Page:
ONTARIO, Canada — After years of debate, Ontario Power Generation has dropped a plan to store nuclear waste underground near Lake Huron.
The Canadian energy firm said it would not move forward with plans to develop a permanent nuclear waste disposal site in the town of Kincardine, Ontario, where it also operates the Bruce Nuclear nuclear plant. The proposed storage facility would have been 2,200 feet below grade and less than a mile from Lake Huron.
The decision came after a resounding ratification vote by members of the Saugeen Ojibway Nation on the issue. Of the 1,232 ballots cast, nearly 86 percent voted against the proposed project.
Ontario Power Generation had committed to the Saugeen Ojibway Nation in 2013 that it would not build the so-called deep geologic repository (DGR) facility without the support of the tribes.
“OPG will explore other options and will engage with key stakeholders to develop an alternate site-selection process,” OPG CEO and President Ken Hartwick said in a statement.
“We were not consulted when the nuclear industry was established in our Territory,” the Saugeen Ojibway Nation wrote in a statement. “Over the past forty years, nuclear power generation in Anishnaabekiing has had many impacts on our communities, and our Land and Waters, including the production and accumulation of nuclear waste.”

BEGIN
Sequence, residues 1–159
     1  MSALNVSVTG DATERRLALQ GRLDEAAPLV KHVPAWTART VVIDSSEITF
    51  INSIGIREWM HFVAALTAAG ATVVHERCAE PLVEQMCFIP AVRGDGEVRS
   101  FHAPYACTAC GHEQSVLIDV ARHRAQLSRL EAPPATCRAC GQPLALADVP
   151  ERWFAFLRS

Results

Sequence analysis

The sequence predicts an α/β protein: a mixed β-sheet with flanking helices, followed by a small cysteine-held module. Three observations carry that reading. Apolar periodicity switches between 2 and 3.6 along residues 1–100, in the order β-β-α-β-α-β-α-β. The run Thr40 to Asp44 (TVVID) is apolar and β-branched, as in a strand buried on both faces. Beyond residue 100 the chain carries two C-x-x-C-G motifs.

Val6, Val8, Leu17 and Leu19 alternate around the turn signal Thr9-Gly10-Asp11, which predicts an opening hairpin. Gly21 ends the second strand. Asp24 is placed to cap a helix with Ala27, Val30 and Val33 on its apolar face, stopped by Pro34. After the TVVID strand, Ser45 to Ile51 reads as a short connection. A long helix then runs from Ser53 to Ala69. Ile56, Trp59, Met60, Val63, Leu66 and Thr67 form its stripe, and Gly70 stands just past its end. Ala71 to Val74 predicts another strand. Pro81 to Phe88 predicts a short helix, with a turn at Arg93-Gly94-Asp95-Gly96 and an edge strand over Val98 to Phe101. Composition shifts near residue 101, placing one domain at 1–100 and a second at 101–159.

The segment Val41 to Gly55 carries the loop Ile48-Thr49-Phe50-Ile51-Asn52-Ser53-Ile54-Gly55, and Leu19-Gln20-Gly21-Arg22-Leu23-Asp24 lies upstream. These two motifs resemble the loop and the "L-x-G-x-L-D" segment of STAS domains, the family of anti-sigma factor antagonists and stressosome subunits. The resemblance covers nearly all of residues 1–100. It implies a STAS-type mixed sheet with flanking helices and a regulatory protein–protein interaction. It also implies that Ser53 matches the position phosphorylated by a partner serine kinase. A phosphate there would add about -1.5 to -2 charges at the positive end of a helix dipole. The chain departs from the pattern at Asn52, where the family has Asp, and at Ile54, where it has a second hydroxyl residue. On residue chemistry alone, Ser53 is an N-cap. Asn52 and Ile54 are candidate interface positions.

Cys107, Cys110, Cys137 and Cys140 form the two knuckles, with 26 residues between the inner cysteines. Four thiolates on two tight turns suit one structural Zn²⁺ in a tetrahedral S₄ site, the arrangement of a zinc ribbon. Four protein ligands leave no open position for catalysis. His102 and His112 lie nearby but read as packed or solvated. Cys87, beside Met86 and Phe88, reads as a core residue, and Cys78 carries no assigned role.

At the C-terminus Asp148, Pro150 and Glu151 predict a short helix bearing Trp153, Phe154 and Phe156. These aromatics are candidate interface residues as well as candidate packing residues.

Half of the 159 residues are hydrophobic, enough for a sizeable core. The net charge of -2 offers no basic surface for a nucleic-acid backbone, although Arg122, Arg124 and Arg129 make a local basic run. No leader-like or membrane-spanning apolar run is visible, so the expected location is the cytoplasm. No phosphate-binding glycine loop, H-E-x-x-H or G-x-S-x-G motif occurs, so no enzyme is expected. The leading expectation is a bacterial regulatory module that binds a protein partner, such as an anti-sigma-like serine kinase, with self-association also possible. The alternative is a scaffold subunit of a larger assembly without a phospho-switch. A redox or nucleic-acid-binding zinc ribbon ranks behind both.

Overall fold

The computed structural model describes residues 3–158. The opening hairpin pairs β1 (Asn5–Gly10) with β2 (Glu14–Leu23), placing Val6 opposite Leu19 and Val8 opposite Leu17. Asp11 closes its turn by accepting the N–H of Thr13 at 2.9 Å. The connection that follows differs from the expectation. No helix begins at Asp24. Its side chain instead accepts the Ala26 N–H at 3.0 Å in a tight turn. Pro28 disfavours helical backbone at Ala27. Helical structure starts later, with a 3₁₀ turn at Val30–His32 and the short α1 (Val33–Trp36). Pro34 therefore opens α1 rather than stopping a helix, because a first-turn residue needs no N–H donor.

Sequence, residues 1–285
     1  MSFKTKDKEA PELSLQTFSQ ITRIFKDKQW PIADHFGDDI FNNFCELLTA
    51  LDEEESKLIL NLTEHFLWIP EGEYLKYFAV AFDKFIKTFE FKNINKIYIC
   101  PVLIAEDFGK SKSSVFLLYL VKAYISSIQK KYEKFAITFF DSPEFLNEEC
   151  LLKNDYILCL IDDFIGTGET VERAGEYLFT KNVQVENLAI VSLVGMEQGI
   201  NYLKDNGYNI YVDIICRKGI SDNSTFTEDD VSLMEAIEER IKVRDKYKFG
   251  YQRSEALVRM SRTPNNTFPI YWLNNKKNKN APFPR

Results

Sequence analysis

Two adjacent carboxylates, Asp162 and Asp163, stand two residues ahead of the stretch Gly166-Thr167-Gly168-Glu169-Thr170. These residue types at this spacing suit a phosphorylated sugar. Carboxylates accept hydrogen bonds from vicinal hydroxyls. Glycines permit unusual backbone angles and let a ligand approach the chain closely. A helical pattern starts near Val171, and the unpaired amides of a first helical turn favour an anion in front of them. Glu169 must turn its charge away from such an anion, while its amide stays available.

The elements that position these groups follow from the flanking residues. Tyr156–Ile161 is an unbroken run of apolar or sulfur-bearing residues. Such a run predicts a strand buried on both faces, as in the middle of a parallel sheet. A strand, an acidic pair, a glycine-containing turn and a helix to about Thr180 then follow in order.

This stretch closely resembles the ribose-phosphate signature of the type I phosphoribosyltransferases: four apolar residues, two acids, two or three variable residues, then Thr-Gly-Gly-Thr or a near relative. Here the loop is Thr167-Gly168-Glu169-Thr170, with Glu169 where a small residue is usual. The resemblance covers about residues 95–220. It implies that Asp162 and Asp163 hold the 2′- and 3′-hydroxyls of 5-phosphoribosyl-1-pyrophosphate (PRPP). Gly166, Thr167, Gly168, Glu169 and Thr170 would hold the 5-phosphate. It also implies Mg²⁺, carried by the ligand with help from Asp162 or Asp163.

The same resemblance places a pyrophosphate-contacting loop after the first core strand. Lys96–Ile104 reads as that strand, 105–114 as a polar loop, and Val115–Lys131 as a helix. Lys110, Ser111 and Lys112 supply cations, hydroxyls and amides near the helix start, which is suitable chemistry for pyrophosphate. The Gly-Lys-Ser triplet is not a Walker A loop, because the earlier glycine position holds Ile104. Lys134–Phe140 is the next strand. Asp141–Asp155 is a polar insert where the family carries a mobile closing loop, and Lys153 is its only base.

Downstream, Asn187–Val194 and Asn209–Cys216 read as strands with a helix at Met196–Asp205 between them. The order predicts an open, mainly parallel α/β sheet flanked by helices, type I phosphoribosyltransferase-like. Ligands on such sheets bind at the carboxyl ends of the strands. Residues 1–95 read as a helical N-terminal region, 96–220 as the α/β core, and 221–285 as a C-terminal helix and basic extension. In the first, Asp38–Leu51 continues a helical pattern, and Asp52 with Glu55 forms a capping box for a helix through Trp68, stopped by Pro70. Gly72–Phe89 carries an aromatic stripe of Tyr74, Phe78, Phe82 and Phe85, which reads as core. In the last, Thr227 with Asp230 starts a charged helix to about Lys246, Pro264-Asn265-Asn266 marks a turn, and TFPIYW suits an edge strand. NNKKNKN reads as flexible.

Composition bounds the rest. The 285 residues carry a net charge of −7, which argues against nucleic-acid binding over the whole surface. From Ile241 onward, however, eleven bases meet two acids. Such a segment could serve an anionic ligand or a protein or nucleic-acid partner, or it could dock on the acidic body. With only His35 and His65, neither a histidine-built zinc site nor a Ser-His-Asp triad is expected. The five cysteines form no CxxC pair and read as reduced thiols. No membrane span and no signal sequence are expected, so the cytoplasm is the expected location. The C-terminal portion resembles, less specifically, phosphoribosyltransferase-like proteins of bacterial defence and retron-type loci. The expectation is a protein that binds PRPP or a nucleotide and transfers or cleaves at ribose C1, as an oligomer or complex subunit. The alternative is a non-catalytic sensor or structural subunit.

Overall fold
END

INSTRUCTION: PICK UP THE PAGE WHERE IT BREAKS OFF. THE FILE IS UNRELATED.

Collectively, the Chippewas of Nawash Unceded First Nation and the Chippewas of Saugeen First Nation are referred to as the Saugeen Ojibway Nation.
“This vote is a historic milestone and momentous victory for our People,” said Chief Lester Anoquot of the Chippewas of Saugeen First Nation. “As Anishinaabe, we didn’t ask for this waste to be created and stored in our Territory, but here it is. We have a responsibility to our Mother Earth to protect both her and our Lands and Waters.
“We must work diligently to find a new solution for the waste,” Chief Anoquot said.
The decision by OPG to scuttle the nuclear waste facility was met with cheers from tribes and politicians, including U.S. Rep. Dan Kildee (D-Mich.), who has worked on the issue since joining Congress in 2013.
“Today’s announcement is a huge victory for protecting our environment and our economy that relies on the Great Lakes,” Kildee said in a statement.
The proposal to store millions of tons of nuclear waste in Kincardine “never made sense,” Kildee said.
“Nuclear waste remains radioactive for thousands of years, and burying it next to the Great Lakes would have threatened our economy and clean drinking water for over 40 million people. Surely in the vast land mass that comprises Canada, there has to be a better place to permanently store nuclear waste than on the shores of the Great Lakes,” he said.
Aaron Payment, chairperson of the Michigan’s Sault Ste. Marie Tribe of Chippewa Indians, cheered the decision in a statement issued yesterday.
“The Sault Tribe, along with the rest of the tribes in Michigan, is pleased to see Ontario Power Generation give up on this terrible idea to build a nuclear waste storage site on the shores of the Great Lakes,” Payment said. “Since 2017, the tribes in Michigan have supported our relatives in the Saugeen Ojibway Nation in their concerns over this proposal. In addition, any threat to the Lake Huron fishery that is posed by disposal of nuclear waste so close to the Great Lakes is of deep concern to us all.”